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ITHE LAST OF THE LEGIONS Pontus, the Roman viceroy, sat in the atrium of his palatial villa by the Thames, and he looked with perplexity at the scroll of papyrus which he had just unrolled. Before him stood the messenger who had brought it, a swarthy little Italian, whose black eyes were glazed with want of sleep, and his olive features darker still from dust and sweat. The viceroy was looking fixedly at him, yet he saw him not, so full was his... more...

INTRODUCTION I was talking the other day to Alfred Coppard, who has steered more successfully than most English story writers away from the Scylla and Charybdis of the modern artist. He told me that he had been reading several new novels and volumes of short stories by contemporary American writers with that awakened interest in the civilization we are framing which is so noticeable among English writers during the past three years. He asked me... more...

Chapter 1 It was in 1590—winter. Austria was far away from the world, and asleep; it was still the Middle Ages in Austria, and promised to remain so forever. Some even set it away back centuries upon centuries and said that by the mental and spiritual clock it was still the Age of Belief in Austria. But they meant it as a compliment, not a slur, and it was so taken, and we were all proud of it. I remember it well, although I was only a... more...

"Let's keep moving," I told Val. "The surest way to die out here on Mars is to give up." I reached over and turned up the pressure on her oxymask to make things a little easier for her. Through the glassite of the mask, I could see her face contorted in an agony of fatigue. And she probably thought the failure of the sandcat was all my fault, too. Val's usually about the best wife a guy could ask for, but when she wants to be she can be a real... more...

THE CABMAN'S STORY The Mysteries of a London "Growler" We had to take a "growler," for the day looked rather threatening and we agreed that it would be a very bad way of beginning our holiday by getting wet, especially when Fanny was only just coming round from the whooping cough. Holidays were rather scarce with us, and when we took one we generally arranged some little treat, and went in for enjoying ourselves. On this occasion we were... more...


"I'm washed up," Preston growled bitterly. "They made a postman out of me. Me—a postman!" He crumpled the assignment memo into a small, hard ball and hurled it at the bristly image of himself in the bar mirror. He hadn't shaved in three days—which was how long it had been since he had been notified of his removal from Space Patrol Service and his transfer to Postal Delivery. Suddenly, Preston felt a hand on his shoulder. He looked... more...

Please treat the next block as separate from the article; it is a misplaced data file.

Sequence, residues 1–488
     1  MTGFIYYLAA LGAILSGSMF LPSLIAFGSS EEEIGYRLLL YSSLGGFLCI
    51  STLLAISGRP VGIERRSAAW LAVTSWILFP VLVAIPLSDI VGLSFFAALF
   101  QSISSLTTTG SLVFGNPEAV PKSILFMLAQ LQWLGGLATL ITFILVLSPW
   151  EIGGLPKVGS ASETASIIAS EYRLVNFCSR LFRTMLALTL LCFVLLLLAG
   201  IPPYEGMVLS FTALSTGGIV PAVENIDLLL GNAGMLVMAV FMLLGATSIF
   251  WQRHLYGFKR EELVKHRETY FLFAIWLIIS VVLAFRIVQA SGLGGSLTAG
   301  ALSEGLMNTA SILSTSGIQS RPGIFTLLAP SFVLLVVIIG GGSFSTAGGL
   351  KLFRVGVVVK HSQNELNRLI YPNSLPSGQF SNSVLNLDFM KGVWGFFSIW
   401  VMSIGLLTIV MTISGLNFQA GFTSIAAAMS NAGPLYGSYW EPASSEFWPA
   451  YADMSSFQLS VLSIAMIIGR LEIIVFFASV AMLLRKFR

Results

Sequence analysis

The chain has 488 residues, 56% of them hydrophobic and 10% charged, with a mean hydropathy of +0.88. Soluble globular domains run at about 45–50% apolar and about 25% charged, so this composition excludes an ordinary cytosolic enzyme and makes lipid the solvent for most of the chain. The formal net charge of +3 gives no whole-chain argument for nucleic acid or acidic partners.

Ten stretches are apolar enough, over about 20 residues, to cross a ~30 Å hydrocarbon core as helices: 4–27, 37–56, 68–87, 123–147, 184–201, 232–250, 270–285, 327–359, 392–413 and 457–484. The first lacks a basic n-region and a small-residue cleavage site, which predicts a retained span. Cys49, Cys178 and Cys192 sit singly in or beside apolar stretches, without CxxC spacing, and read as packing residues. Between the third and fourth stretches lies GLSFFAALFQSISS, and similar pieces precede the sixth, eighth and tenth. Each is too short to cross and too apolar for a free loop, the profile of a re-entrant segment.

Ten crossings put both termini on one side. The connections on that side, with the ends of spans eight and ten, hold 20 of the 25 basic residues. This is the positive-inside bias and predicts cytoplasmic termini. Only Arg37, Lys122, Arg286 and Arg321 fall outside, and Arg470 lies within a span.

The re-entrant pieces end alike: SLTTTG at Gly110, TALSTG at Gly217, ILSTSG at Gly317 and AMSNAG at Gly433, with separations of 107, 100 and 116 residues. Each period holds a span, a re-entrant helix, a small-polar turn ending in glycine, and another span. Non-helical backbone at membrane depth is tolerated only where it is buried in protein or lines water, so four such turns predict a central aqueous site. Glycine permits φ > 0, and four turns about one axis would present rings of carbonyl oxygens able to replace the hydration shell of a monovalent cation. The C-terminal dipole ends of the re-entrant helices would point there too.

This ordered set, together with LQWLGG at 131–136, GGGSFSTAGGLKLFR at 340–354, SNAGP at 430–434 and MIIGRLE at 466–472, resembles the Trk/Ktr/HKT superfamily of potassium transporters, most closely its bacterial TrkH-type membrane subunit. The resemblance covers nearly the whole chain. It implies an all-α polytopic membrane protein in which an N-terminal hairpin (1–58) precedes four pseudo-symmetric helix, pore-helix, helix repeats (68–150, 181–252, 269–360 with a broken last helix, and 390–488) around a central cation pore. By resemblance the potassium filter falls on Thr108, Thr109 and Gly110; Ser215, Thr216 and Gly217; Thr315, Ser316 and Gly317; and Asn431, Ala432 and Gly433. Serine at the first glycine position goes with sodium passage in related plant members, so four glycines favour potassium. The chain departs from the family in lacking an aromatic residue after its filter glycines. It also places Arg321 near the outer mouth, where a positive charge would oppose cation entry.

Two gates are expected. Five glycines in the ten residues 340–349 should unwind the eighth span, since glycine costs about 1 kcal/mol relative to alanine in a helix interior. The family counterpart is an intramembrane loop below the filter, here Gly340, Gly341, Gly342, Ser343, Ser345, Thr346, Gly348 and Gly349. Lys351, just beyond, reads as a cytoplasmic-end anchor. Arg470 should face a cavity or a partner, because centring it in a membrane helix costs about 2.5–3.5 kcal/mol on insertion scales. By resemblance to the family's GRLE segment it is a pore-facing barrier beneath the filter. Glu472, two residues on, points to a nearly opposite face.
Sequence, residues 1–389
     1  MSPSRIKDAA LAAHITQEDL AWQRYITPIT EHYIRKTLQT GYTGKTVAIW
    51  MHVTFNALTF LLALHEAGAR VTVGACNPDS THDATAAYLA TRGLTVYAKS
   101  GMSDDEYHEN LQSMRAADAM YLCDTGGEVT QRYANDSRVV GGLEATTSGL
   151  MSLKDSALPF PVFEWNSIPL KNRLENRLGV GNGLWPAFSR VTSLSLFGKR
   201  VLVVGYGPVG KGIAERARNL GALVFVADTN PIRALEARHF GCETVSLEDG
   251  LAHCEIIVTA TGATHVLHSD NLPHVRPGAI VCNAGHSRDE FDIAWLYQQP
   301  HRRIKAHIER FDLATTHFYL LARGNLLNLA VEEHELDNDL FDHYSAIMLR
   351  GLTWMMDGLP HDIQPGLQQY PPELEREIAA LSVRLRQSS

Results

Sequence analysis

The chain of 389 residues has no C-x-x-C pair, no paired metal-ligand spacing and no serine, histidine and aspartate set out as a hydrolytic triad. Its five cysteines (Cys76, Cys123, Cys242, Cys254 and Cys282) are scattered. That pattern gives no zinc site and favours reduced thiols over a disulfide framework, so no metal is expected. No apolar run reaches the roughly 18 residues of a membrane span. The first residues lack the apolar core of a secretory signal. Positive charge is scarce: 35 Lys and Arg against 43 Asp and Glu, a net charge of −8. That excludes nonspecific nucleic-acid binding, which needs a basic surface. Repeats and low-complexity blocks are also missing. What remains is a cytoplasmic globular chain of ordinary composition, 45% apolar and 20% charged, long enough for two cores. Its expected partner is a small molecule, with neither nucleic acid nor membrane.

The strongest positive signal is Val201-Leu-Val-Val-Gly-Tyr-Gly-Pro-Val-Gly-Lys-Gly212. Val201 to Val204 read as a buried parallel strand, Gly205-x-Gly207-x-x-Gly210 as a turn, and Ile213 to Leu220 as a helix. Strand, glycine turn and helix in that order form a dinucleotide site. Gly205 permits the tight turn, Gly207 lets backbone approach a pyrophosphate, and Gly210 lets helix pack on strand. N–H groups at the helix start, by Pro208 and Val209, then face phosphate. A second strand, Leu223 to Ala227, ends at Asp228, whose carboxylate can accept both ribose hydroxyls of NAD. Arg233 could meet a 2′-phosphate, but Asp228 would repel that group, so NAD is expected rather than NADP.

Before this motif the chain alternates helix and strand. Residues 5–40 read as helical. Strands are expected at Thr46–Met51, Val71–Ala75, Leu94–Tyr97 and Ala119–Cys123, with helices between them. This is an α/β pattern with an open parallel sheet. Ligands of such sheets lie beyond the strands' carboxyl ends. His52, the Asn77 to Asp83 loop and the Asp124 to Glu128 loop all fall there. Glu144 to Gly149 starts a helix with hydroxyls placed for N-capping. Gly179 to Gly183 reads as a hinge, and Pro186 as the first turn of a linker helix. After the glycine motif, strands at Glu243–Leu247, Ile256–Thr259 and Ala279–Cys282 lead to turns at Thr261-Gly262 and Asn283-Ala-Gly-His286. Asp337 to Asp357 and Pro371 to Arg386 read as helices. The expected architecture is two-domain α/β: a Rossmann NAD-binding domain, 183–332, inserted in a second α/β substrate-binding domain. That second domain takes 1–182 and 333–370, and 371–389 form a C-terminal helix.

It is characteristic of this buoyant people that they pursue no man beyond the grave. "Let God be his judge!"—Even with the hundred thousand unfound, though greatly coveted, the hue and cry went no further than that. To the stranger or the guest the people of Coralio will relate the story of the tragic end of their former president; how he strove to escape from the country with the public funds and also with Dona Isabel Guilbert, the young... more...

I Don Hedger had lived for four years on the top floor of an old house on the south side of Washington Square, and nobody had ever disturbed him. He occupied one big room with no outside exposure except on the north, where he had built in a many-paned studio window that looked upon a court and upon the roofs and walls of other buildings. His room was very cheerless, since he never got a ray of direct sunlight; the south corners were always in... more...

CHAPTER I YOU SHOULD WORRY ABOUT A TANGO LESSON The idea originated with Bunch Jefferson. You can always count on Bunch having a few freak ideas in the belfry where he keeps his butterflies. Bunch and his wife, Alice, live out in Westchester County, about half a mile from Uncle Peter's bungalow, where friend wife and I are spending the winter. The fact that Uncle Peter and Aunt Martha had decided to give us a party was the inspiration for... more...

You say that Matthew is your own son, Mr. Emmett? Yes, Rev'rend Doane, and a better boy never stepped, if I do say it as shouldn't. I've trusted him to drive team for me since he was eleven, and you can't say more than that for a farm boy. Way back when he was a little shaver so high, when the war came on, he was bounden he was going to sail with this Admiral Farragut. You know boys that age—like runaway colts. I couldn't see no good in... more...